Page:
Misunderstood, Misinformed, and Mistaken: The HSP With Social Anxiety
Although there have been numerous studies on both social anxiety and sensitivity in people, during my research on the net and in several books I have yet to find any studies done on HSPs with social anxiety. However, there is no doubt in my mind, the HSP population 'is' replete with social anxiety sufferers due to our hyper-active nervous system which notices every little detail in our environment, even the unwanted stuff that most normal people would ignore.
From Potential Empath/Healer/Teacher to Potential Nobody
It's sad to see so much potential go to waste. Thousands of highly sensitive people with such incredible potential; almost invisible, hidden away on the periphery of a world dominated by extroverts. I am grateful however, as a HSP, that there are highly sensitive people out there such as Elaine Aron, who are leading the way and allowing the world to see that there 'is' a place for the gentle HSP tribe. Slowly but surely, the world is beginning to understand highly sensitive people. There is a long way to go but we have taken the fundamental first steps towards acceptance and appreciation.
A Double Dose: High Sensitivity + Social Anxiety
I haven't gone into great detail in this article on highly sensitive people with social anxiety, but as you may have gleaned from the table above, HSPs are highly susceptible to social anxiety and PTSD. I am convinced that I myself, as a HSP previously suffered from severe social anxiety which has since steadily abated to mild social anxiety with the occasional panic attack. My teens were fraught with painful and humiliating experiences as a result of my not only being a HSP but also having social phobia. I even began to repress my sensitivity as I'm sure many other HSPs have done in an effort to be "normal." The answer though, is not repression of our innate 'gift' but rather expression! If you are reading this and you are a highly sensitive person, then it means you are on a journey of discovery about your trait, your gift and that is why it is so great to be a HSP these days. The information on our trait abounds all over the internet and in countless books all over the world. We are finally being understood.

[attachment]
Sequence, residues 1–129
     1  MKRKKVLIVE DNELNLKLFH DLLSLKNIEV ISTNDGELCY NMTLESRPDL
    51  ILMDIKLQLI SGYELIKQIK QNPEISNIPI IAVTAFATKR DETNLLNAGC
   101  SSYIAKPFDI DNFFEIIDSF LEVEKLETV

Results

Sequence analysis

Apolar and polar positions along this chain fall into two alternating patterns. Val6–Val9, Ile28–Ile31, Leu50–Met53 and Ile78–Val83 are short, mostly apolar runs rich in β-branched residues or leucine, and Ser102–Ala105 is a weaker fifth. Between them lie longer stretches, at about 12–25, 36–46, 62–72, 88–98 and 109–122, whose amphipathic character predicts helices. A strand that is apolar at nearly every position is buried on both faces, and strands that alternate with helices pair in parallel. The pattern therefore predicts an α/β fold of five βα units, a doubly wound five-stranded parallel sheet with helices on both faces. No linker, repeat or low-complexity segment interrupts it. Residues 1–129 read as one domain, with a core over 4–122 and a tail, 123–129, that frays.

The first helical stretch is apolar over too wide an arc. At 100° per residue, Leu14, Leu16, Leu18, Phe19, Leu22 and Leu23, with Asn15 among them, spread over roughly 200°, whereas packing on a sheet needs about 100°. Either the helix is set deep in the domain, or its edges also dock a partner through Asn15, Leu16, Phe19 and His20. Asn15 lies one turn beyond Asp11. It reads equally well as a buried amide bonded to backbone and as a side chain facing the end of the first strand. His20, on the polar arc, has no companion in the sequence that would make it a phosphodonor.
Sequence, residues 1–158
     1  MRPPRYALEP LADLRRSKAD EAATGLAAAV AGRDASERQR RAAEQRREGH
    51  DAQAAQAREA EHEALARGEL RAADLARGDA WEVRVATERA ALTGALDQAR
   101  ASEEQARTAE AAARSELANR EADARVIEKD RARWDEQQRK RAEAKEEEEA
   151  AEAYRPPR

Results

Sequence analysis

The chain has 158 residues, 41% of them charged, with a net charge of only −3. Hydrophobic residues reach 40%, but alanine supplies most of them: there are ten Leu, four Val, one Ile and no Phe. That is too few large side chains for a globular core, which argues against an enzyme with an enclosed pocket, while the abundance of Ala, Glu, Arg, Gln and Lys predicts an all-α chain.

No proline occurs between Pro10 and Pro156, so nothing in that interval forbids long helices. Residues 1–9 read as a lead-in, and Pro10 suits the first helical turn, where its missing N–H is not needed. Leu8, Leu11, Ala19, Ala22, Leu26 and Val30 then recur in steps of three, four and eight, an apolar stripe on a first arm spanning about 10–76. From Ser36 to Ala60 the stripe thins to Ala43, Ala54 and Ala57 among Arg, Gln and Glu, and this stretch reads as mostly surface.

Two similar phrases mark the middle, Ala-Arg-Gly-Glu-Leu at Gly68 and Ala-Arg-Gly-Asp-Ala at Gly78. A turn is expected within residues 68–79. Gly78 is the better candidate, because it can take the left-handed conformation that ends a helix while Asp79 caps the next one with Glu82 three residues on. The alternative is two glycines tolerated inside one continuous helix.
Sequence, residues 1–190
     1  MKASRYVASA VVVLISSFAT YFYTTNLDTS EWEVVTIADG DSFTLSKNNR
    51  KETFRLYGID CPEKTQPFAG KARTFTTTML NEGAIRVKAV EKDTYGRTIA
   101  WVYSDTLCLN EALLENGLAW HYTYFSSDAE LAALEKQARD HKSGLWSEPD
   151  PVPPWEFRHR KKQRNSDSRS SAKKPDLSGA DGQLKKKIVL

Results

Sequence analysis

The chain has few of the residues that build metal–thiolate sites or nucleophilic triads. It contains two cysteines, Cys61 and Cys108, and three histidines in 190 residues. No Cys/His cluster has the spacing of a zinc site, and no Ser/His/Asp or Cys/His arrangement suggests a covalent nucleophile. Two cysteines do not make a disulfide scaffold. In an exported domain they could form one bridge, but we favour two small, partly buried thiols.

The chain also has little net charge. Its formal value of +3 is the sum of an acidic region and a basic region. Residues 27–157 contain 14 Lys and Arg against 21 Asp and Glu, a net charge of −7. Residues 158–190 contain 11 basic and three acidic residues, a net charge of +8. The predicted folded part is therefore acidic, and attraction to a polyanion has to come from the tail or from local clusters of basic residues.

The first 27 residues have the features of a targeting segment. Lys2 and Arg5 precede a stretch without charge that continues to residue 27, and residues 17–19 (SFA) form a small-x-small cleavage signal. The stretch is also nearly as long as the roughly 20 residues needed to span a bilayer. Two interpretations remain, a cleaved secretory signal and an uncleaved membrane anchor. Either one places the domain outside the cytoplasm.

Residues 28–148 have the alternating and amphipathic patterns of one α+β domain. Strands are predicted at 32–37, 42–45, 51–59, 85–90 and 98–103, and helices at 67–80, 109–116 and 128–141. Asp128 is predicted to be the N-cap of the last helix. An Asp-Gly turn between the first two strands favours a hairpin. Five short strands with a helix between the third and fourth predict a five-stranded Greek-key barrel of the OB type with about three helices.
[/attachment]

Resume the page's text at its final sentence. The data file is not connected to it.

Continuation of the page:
If you feel you are a HSP and you have social anxiety then the best advice I can give to you is ... STUDY! Yes, study everything you can get your hands on about HSPs, social anxiety, PTSD. etc. The more understanding you gain, the more you begin to accept your trait and embrace the wonderful possibilities on offer for you.
It's good to be sensitive!
A light, tender, sensitive touch is worth a ton of brawn.— Peter Thomson
I've written a number of other articles about being an HSP. Here is one that you might find helpful:
This content is accurate and true to the best of the author’s knowledge and does not substitute for diagnosis, prognosis, treatment, prescription, and/or dietary advice from a licensed health professional. Drugs, supplements, and natural remedies may have dangerous side effects. If pregnant or nursing, consult with a qualified provider on an individual basis. Seek immediate help if you are experiencing a medical emergency.